Treatment of Swelling of the Salivary Gland in Dogs
The standard treatment for a salivary mucocele is surgical removal of the ruptured gland. Though aspiration may remove the fluid and reduce the swelling, this is not considered a resolution for the problem, as recurrence is likely weeks or months following aspiration.
Cervical, ranula, and pharyngeal mucoceles are treated by removing both the mandibular and sublingual glands on the affected side of the mouth, with marsupialization being additionally performed to help with drainage in cases of ranula mucoceles. Because zygomatic mucoceles involve glands near the eye, they are more difficult to address and may involve a more complicated surgical procedure.
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What is Swelling of the Salivary Gland?
A salivary mucocele occurs when a salivary duct ruptures, leading to fluid collecting in the soft tissues surrounding it. This is usually seen as a soft, painless mass around the head or neck though some may occur beneath the tongue or around the eyes. The condition is treated by draining the mucocele and surgically removing the affected glands.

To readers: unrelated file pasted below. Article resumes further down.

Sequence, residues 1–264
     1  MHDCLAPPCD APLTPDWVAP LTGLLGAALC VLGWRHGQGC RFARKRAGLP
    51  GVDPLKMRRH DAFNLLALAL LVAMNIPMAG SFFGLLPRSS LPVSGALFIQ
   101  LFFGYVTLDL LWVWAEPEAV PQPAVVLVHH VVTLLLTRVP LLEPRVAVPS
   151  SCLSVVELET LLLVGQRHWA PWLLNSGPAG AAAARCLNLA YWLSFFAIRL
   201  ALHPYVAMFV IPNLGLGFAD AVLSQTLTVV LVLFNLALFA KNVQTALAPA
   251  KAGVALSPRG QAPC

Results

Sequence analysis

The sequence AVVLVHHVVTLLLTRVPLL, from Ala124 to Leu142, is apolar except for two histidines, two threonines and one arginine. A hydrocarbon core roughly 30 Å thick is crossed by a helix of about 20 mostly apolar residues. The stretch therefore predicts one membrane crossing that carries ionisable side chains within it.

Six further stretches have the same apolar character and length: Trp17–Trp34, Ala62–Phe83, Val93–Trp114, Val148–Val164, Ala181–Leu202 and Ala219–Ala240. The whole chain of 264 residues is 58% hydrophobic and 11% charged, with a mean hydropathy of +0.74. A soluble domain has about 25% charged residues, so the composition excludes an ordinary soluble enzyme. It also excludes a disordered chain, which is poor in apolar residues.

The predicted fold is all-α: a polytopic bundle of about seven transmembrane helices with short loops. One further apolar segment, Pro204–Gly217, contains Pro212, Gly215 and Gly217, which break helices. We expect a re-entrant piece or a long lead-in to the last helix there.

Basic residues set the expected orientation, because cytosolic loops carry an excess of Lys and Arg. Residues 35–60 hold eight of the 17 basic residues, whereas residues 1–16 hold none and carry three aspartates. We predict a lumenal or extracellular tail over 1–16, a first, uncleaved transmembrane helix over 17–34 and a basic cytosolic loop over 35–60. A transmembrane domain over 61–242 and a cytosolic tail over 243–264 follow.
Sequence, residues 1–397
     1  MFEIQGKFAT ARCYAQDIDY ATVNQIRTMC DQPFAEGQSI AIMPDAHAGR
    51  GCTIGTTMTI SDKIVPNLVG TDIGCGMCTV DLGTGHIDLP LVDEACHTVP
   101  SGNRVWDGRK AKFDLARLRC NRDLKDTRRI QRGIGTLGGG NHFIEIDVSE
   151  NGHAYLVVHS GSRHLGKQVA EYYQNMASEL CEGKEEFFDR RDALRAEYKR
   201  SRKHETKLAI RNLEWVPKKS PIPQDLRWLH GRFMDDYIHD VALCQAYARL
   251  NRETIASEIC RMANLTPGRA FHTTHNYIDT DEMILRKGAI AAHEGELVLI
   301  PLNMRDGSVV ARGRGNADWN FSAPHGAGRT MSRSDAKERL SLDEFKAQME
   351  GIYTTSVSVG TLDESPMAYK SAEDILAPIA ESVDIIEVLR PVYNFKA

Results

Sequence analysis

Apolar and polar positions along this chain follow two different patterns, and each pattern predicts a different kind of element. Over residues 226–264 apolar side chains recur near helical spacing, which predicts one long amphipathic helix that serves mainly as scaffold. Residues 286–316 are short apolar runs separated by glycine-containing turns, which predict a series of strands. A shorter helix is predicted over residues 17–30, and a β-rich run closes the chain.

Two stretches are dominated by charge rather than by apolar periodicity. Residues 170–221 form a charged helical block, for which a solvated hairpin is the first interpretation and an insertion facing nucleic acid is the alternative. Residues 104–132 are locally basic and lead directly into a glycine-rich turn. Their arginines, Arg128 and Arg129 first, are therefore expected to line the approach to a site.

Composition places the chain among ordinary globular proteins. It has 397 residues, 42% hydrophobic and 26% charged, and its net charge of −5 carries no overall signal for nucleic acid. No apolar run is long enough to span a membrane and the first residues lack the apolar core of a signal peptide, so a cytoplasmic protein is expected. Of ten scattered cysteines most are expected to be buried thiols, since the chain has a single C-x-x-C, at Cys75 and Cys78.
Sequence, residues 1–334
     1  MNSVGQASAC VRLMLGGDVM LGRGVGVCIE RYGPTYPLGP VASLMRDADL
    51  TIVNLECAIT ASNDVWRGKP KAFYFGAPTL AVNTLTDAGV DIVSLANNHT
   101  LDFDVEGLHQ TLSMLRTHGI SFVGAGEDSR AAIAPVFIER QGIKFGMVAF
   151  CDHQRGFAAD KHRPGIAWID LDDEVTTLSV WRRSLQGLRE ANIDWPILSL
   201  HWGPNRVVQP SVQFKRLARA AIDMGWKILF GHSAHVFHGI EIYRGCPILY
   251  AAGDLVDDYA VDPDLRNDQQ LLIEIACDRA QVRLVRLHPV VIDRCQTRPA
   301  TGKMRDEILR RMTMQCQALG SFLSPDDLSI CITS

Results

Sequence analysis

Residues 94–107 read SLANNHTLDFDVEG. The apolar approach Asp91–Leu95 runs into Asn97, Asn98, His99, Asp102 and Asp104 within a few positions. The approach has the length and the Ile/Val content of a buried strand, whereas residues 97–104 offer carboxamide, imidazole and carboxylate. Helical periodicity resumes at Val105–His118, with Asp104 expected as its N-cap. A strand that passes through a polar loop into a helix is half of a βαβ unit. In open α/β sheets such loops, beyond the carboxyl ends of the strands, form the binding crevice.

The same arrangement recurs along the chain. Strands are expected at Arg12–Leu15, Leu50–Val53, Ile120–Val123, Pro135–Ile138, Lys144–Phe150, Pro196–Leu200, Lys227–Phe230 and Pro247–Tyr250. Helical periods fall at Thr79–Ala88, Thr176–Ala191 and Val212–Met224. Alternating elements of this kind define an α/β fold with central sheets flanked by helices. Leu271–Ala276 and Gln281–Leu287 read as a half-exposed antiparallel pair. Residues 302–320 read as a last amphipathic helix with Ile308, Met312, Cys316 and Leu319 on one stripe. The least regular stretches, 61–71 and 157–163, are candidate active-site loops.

Swelling of the salivary gland, otherwise known as a salivary mucocele, happens as a result of a salivary duct rupturing within the mouth. As fluids accumulate outside of the gland, the surrounding tissue swells, leading to a mass around the dogs head or neck. A salivary mucocele can be treated by surgically removing the affected glands and has a good prognosis for a full recovery.Youtube Play
Swelling of the Salivary Gland Average Cost
From 3 quotes ranging from $200 – $10,000
Method 1Method 1 of 2:Recognizing a Salivary Mucocele
To recognize and treat mucocele in dogs, start by looking for swelling of the chin and under the tongue. Bloody saliva, difficulty breathing or swallowing, and signs of infection can also indicate a salivary mucocele. Next, take your dog to the vet so the mucocele can be lanced and drained. If the mucocele is infected, your vet will give you antibiotics to administer to the dog. Finally, work with your vet to determine the best treatment plan, which typically involves surgical removal of the mucocele. For tips on recognizing the signs of infection, read on!
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